Introducing Facebook Gifts, the platform’s latest attempt at cornering social e-commerce

Facebook gifts birthday and life events

We reported days ago that Facebook was working on an e-commerce gifting service after a job listing hinted at the imminent launch of Facebook Gifts. Today, using the technology behind the mobile gifting app Karma, Facebook Gifts was finally launched and marks the platform’s foray into a full-fledged e-commerce site.

Facebook’s first social gifting service called Gift Shop turned out to be a bust and proceeded to leave the gifting ecosystem up to other third party developers building in-app services. The first time around, the site took its chances with virtual gifts like birthday cards you could purchase with Facebook credits. This time, the majority of the gifts, from what we could discern, are tangible products sold by participating commerce partners including Magnolia Bakery, Starbucks, and Warby Parker. At the very bottom of the landing page, Facebook provides a link to its contact information for businesses that are interested in making their products available through Facebook Gifts.

Facebook Gifts mobile

So how will it work? Users can visit their friend’s Timeline, and from there click on the gift tab that will at the top of the Wall. Selecting the tab will take you to a new page where you can browse gifts, select an item, and add a personalized message on a virtual card. Luckily for those of you that aren’t privy to your friend’s home addresses, the recipient of the gift will be notified and prompted to enter their address. The recipient can even change the gift’s size, color, style, or even the entire gift for something of equal or lesser value. To sweeten the deal, the gift comes packaged in a Facebook branded gift box, which is sent to its e-commerce partners who are responsible for the product’s shipment.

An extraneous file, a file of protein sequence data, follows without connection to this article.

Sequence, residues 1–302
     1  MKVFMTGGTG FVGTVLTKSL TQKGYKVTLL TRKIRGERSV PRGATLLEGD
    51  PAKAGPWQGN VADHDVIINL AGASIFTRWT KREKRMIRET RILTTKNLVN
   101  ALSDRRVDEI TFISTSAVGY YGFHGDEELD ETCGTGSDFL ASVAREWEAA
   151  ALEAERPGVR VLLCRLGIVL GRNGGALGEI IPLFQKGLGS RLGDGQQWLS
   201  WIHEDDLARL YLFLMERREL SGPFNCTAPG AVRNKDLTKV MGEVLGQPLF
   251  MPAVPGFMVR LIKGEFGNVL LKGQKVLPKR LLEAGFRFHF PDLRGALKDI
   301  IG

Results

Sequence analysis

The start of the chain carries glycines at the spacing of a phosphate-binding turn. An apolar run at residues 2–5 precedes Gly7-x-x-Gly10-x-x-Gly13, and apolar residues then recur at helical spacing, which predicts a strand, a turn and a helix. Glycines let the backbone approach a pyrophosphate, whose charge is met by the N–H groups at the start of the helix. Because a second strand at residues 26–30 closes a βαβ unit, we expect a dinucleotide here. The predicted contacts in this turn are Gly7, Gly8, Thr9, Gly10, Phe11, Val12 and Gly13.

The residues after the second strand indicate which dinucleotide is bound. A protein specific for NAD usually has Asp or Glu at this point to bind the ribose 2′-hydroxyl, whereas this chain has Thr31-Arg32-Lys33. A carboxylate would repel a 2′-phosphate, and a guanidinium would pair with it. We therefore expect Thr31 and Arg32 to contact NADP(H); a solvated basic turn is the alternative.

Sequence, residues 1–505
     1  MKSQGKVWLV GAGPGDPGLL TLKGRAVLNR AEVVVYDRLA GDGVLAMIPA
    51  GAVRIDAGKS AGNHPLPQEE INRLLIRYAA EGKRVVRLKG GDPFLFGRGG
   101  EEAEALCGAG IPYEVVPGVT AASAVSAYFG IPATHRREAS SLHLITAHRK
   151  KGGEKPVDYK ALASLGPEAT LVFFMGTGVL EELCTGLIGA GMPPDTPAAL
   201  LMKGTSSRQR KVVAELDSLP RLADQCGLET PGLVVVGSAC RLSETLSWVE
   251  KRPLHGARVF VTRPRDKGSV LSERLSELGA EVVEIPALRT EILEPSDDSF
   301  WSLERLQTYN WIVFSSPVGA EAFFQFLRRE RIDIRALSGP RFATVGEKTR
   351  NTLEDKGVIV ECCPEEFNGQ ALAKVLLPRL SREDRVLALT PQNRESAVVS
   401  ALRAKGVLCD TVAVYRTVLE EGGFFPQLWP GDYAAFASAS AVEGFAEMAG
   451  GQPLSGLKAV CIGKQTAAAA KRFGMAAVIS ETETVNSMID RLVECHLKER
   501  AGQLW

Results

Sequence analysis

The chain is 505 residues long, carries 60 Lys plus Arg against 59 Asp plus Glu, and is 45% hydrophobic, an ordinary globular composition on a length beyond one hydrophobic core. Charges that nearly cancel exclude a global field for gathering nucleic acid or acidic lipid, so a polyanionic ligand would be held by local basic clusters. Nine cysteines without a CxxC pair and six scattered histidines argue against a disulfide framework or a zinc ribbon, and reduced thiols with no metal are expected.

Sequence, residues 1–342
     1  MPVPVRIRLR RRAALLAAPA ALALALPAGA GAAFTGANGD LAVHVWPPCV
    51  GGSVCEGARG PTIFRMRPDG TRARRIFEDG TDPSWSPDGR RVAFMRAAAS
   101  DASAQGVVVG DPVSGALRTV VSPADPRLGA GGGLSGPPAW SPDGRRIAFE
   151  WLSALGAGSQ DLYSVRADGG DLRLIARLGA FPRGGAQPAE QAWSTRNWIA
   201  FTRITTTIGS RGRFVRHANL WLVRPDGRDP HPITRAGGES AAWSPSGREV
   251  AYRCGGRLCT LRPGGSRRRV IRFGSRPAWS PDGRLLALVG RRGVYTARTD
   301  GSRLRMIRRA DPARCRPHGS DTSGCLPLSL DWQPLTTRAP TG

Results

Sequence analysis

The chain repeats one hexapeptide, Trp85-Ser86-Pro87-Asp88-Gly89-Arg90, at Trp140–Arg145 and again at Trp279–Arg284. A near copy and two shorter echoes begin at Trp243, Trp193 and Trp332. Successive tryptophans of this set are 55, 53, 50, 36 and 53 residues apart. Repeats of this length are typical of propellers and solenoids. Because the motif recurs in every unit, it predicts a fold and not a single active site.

Facebook will also be issuing our prompts to use Gifts along with birthday announcements, as well as other life events. 

Facebook has been looking to boost its bottom line, and an e-commerce model where it essentially serves as the middle man between outlets and customers — and doesn’t have to deal with shipping services or physical inventory — could be a lucrative endeavor. That isn’t to say it will be able to give the likes of Amazon or eBay a run for their money; instead its third party apps like Wrapp and Copious are the ones getting some new competition. 

Facebook Gifts isn’t available just yet, but it will roll out, hitting the U.S. first.

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